By 1st Lt. Mike Thompson
Georgia Army National Guard
MARIETTA, Ga. (2/7/13) - Every day, National Guard and civilian emergency responders across the country are training to better respond when crises of any kind threaten local communities.
Recently, the Georgia National Guard’s 4th Civil Support Team teamed up with the faculty at Georgia State University’s (GSU) Petite Science Center in Atlanta to conduct an emergency response drill to an incident involving a radiological source.
Working alongside the GSU team, the Georgia Bureau of Investigation, Atlanta police and fire departments, the 4th Civil Support Team refined emergency response plans, validated emergency management systems, identified fundamental policy issues and worked out how to maintain up-to-date personnel references on who to call in when a real emergency occurs.
“Every state in the nation has a CST team, and with that it gives the state unique capability,” said Col. Michael Scholes, the 78th Homeland Response Force commander. The 78th is the civil support team’s higher headquarters. “The CST has worked quite closely with fire departments and the inter-agency community at the local, state and federal level. Through that work, the unit has gained a really solid reputation for advising first responders.”
As part of the drill, GSU scientists provided a safe radiological isotope. Universities typically have radiological sources for science experiments, instrument calibration and cosmic research. Dosages are so limited that any exposure would be less than a normal day in the sun. According to the Health Physics Society, colleges may even use radiological sources that are so minute that, after they are no longer needed, a source can be disposed of in the regular trash.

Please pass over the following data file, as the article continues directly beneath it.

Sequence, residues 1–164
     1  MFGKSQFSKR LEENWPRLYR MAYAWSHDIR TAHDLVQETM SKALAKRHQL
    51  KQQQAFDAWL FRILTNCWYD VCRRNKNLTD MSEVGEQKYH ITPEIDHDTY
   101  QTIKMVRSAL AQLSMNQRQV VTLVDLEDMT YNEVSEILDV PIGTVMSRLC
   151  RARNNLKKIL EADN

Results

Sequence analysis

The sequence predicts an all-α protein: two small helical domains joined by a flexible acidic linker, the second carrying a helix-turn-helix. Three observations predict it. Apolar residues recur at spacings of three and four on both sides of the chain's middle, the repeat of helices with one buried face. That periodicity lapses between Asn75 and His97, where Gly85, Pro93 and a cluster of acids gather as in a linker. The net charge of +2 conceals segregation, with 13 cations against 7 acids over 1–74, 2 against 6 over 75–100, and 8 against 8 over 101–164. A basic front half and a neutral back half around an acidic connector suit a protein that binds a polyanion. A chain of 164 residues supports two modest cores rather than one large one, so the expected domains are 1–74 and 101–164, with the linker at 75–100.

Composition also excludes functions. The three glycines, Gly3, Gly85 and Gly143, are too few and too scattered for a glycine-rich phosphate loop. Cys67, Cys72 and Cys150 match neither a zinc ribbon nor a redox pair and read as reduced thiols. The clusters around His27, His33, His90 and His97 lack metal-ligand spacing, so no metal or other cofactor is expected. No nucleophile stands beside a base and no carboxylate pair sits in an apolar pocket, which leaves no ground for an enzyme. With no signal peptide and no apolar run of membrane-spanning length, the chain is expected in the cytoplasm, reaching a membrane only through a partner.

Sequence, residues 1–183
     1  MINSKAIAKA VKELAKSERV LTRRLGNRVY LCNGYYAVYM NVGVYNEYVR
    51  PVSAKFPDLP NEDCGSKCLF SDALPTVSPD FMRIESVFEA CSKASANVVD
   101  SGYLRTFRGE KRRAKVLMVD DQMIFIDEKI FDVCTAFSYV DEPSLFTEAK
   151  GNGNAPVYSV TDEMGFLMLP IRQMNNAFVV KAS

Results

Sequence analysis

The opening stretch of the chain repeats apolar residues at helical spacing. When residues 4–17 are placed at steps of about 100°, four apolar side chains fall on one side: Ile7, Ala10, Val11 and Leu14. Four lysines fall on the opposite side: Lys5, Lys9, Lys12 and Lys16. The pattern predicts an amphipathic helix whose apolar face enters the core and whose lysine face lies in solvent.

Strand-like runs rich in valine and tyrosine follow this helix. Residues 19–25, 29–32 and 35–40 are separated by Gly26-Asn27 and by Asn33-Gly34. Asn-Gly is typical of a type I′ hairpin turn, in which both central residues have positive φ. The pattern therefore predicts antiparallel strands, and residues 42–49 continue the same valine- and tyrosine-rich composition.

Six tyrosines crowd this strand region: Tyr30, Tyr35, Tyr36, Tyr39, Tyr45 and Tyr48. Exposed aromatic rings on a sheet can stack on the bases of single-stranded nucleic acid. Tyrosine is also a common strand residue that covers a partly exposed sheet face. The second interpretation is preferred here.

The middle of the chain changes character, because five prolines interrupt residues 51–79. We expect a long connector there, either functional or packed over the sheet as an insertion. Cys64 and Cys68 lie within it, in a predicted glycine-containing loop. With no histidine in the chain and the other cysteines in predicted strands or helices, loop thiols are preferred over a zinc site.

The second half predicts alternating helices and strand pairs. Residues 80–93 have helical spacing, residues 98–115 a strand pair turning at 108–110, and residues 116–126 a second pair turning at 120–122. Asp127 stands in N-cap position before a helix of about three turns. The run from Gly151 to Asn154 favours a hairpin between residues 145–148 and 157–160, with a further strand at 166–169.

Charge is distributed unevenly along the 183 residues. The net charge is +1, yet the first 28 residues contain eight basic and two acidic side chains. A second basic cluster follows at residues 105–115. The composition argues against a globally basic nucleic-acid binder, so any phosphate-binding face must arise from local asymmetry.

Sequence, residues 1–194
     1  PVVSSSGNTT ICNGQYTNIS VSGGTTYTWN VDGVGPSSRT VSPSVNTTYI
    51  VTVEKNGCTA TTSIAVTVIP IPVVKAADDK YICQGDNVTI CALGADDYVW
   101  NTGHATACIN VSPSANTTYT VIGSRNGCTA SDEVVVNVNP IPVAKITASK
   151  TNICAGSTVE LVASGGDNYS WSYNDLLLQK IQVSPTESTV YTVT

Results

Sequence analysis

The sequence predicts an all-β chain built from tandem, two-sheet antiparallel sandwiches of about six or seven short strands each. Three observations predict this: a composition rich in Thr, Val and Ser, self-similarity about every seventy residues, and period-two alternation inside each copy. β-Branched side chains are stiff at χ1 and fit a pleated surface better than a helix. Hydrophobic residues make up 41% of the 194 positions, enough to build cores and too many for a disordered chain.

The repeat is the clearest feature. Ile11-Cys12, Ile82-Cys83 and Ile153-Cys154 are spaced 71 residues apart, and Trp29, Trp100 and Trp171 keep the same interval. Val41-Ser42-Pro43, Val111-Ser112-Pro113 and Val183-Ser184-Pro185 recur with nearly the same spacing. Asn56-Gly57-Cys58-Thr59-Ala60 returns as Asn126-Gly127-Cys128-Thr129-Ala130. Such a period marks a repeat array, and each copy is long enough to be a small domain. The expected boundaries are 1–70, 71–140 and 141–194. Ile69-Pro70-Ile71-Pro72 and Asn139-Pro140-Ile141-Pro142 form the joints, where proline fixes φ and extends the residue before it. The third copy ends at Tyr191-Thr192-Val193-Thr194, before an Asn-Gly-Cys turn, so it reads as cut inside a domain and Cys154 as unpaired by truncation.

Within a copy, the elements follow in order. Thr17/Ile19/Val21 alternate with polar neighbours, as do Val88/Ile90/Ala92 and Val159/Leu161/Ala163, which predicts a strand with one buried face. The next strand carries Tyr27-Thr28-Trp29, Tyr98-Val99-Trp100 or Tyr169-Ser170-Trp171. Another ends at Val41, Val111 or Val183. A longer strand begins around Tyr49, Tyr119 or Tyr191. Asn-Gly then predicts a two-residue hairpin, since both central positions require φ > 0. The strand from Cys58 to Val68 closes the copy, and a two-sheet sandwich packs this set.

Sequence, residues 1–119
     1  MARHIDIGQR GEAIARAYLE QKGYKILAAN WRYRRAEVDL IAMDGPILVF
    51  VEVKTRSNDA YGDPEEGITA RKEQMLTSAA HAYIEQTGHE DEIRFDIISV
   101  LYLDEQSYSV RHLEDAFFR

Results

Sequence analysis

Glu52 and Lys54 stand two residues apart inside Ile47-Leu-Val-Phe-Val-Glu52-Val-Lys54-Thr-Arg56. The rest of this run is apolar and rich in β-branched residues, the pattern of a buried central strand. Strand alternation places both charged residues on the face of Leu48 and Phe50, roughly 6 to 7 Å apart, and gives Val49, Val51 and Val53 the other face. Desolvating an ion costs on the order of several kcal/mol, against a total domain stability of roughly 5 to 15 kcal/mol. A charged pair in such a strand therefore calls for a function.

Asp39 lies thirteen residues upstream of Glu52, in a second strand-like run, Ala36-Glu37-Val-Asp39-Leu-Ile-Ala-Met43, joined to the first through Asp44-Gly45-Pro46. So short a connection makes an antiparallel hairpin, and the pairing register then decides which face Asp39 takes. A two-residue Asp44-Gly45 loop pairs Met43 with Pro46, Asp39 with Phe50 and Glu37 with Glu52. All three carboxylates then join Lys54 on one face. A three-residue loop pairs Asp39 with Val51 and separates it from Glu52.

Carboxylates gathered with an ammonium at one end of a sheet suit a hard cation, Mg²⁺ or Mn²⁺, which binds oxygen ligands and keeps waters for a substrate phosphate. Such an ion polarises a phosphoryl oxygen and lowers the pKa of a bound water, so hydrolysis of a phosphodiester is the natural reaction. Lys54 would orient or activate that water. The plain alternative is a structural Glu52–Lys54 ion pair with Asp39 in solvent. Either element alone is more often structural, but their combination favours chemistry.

“One of the research projects we do here at Georgia State is to develop sensors to detect cosmic radiation,” said Xiaochun He, a GSU department of physics and astronomy professor. “The detectors are multi-functional. Not only can they monitor cosmic radiation variances, but they’re also used for predicting weather patterns and climate studies.”
“In the long run,” he added, “the university hopes to develop portable, more accurate and cost effective sensors to use in homeland security.”
For this particular exercise, the 4th CST flew an initial team in by Black Hawk helicopter to pinpoint the source and determine where to stage with first responders. Once on the ground, role-players and GSU officials worked through stages of the response, and watched the CST team demonstrate its capabilities to the incident commander.
“I have to say, the training is great; it’s almost like it is real world,” said Anthony Coleman, a GSU police major and acting incident commander for the drill. “While we’ve had some training in radiological incidents, we don’t do it every day. Having the 4th CST come in and assist us has been excellent.”
The 4th CST’s 22 personnel provide support to civil authorities at domestic chemical, biological, radiological, and nuclear (CBRN) incidents by offering identification and assessment of potential or suspected hazardous materials. They also advise on, and facilitate, the arrival of follow-on military forces during emergencies.
The unit is one of nine civil support teams in FEMA Region IV.
Georgia’s 4th CST is active across the state, training with first responders at Cobb County Safety Village and providing vital support for events at the Georgia Dome. Its members have provided technical assistance for Secret Service appointed National Special Security Event (NSSE) with Defense Support to Civil Authorities (DSCA) for the National Democratic Convention, support of other national level exercises and was called upon for six real-world responses in 2012.
“By doing events such as these, we get to meet the different agencies that would be in play,” said Jenny Matte, the senior research safety specialist at GSU. “In this way we get to know each other better, which makes it a lot easier to operate as a team should there ever be a major incident.”